On another fall day, in the same town but a world away, I visit Mozilla’s basic, open-concept offices in a mid-rise building in downtown Mountain View. At this non-profit, the most recently reported annual revenues were $123 million—most of which came from Google, which pays handsomely for the search traffic that Mozilla’s Firefox browser sends its way. I want to find out from Gary Kovacs why, if he loves Canada so much, he left it.
“I was always into tech,” he says. “The stream in my hometown Calgary is the oil and gas industry—that’s the talk you hear on the street. I wanted to be where the stream was tech.” (He’s in the right place, then. Says the wry Sue Gardner, a former CBC producer who heads Wikipedia: “Here even your dry cleaner talks to you about Google stock—like enough.”)
After finishing his MBA at the University of Calgary, Kovacs landed a job at IBM. After paying a decade’s worth of dues at Big Blue, he got the idea that he and an engineer buddy might start their own tech company, preferably in Calgary. “We went to see many possible backers in Canada, but they kept asking us what our assets were—did we have a building? Bricks and mortar. Some of them wanted us to put personal assets on the line. I only had a small RRSP and a Ford Explorer with bald tires.”
So they decided to try their luck with the venture capitalists down here. “I’d read everything about Silicon Valley—I was fascinated with the place. It wasn’t easy to raise the money—they weren’t giving it away by any means. But after many, many meetings, refining our pitch, we did it. It was my first eye-opening experience with the American Dream. If people couldn’t finance you, they’d connect you. The questions down here were different—there was a willingness to risk. No one asked us if we owned a building.”
With initial funding, Kovacs then participated in the dance party that was the tech boom of the late 1990s. His company, Zi Corp., came up with some of the key innovations in first-generation texting, including adding an alphabet to the formerly all-numeric phone keyboard and being among the pioneers of predictive texting. To raise more money in the late ’90s, Zi went public on the Toronto Stock Exchange and then the Nasdaq, and Kovacs saw the stock price rise to “crazy levels.”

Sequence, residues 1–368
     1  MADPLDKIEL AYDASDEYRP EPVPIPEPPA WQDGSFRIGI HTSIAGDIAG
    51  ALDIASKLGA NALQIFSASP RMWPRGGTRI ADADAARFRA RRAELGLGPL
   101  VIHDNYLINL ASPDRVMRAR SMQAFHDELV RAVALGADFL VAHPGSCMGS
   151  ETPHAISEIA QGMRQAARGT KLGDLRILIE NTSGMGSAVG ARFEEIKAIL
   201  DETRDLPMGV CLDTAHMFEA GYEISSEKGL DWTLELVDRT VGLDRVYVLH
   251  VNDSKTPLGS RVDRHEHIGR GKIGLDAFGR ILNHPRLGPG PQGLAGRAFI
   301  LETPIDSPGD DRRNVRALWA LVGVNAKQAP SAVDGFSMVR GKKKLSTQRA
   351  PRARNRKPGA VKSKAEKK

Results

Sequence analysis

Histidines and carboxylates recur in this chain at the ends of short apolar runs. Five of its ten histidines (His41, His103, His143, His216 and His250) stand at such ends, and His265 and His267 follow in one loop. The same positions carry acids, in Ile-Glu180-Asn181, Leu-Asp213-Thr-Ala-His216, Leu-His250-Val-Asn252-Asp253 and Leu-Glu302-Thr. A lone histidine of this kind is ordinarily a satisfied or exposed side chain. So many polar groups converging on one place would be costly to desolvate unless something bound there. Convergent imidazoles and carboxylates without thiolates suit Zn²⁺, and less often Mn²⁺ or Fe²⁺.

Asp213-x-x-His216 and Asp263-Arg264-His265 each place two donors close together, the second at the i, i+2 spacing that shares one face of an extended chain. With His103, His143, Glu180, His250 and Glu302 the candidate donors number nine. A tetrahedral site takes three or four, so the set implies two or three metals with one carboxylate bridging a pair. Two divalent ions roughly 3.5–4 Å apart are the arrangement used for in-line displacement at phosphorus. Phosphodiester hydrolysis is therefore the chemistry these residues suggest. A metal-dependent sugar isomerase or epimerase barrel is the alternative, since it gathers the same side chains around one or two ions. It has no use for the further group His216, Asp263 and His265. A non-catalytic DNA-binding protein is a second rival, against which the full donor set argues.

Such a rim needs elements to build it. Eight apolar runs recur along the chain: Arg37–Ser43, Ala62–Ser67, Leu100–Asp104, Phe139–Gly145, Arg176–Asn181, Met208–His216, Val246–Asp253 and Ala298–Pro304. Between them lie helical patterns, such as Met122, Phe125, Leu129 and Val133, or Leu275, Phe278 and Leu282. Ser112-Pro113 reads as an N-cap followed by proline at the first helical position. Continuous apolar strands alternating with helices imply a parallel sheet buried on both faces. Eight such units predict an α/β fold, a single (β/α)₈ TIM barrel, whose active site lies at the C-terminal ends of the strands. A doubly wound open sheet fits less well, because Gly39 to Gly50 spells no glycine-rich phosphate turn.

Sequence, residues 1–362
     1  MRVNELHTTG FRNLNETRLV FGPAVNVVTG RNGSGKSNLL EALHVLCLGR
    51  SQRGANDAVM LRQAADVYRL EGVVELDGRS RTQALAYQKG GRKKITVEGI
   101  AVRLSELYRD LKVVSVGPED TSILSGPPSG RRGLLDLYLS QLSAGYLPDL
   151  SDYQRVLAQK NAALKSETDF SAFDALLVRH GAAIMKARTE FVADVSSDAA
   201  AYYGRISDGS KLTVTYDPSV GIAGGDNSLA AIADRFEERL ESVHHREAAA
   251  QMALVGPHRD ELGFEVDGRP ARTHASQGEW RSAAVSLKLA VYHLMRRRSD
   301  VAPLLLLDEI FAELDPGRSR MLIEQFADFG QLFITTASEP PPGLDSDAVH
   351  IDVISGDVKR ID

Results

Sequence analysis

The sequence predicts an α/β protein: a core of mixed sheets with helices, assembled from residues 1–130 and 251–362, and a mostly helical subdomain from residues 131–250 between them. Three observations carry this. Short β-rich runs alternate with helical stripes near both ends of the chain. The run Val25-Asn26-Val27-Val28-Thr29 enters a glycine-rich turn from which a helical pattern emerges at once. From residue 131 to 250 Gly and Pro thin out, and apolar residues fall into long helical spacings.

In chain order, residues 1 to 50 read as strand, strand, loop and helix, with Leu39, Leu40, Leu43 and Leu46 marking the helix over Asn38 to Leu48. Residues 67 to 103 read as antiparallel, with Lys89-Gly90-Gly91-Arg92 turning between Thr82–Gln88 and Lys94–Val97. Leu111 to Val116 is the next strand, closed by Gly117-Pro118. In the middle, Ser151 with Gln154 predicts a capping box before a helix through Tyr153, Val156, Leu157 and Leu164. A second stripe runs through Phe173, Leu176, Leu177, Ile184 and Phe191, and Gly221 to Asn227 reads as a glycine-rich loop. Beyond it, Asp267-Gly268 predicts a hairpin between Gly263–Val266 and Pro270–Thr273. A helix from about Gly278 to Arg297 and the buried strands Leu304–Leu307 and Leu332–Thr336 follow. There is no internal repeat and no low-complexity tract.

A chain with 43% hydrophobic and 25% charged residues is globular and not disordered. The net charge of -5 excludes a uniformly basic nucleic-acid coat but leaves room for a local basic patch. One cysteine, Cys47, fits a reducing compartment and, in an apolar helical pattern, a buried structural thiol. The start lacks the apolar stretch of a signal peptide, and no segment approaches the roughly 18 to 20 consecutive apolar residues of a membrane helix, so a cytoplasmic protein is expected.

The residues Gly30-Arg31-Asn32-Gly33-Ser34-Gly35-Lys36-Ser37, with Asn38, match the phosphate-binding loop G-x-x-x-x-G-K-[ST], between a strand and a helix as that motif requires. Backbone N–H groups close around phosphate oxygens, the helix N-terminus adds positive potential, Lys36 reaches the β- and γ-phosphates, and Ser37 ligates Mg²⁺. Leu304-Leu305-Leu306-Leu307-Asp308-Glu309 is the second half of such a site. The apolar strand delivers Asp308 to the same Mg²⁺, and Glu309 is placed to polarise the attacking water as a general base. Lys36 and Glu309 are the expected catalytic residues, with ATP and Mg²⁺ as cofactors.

“I was on holiday, somewhere relatively inaccessible—remember that?—and I’d see in the only paper we got, USA Today: Wow, the stock went up 40% yesterday, next day another 40%.”
But then, after the millennium’s turn, the music stopped. As Zi’s stock price slumped, Kovacs had to take meetings with angry institutional shareholders in New York, and try to keep up the morale of employees whose stock and stock options were dwindling in value daily. “Our sales were increasing, but our stock just kept falling. Honestly, the pleasure of the ride up was not enjoyable enough to compensate for the pain of the ride down.”
People sometimes tell him that he should take Mozilla public to raise money. Kovacs doesn’t buy it. “You have to have in mind what you want when you go public. It’s not just an end in and of itself. Suddenly, you have investors to satisfy. Investors who want, who demand, a return.”
Anyway, Kovacs, now 48, says he has his hands full trying to keep the Firefox browser competitive with Microsoft’s Explorer and Google’s Chrome. “Where once you would turn around new releases in years, now it has to be months.” Mozilla has relationships with both Microsoft and Google that he calls “co-opetition,” where they collaborate in some areas, and compete—hard—in others. Kovacs concludes: “People say we’re the cream in the Oreo, and they could squeeze us out if they decided to. But no one wants that—everyone knows the world’s a better place with Mozilla in it.”
After we meet, Kovacs announced a coup for Mozilla—he was able to renew the deal with Google for another three years, this time reportedly at three times the previous rate, or nearly $300 million annually.
She opens with the quintessential Valley question. “How can I be of assistance?” Even when they’re planning to smile and do nothing to help (“grin-fucking,” they call that), that’s how they lead off the meetings. Sukhinder Singh Cassidy knows the drill; she has been around. In her 20s, she co-founded a tech company. She’s been a VC (at Accel Partners), she’s been a CEO (of the fashion website Polyvore). She knows Jeff Bezos, gives advice to the guys at Twitter. For a while, she was one of Google’s bright, particular stars, starting up its Asian and Latin American offices, building up staffs that now number in the thousands.